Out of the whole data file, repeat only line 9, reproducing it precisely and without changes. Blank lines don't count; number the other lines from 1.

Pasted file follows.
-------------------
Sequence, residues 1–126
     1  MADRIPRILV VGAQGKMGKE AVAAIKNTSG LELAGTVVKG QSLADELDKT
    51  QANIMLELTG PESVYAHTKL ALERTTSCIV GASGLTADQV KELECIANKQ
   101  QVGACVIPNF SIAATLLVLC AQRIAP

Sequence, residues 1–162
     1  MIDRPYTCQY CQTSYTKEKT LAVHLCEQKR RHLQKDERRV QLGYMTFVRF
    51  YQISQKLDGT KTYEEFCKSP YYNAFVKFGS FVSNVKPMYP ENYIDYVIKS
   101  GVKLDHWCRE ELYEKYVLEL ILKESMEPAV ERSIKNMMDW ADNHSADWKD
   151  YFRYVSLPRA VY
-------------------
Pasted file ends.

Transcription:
   151  YFRYVSLPRA VY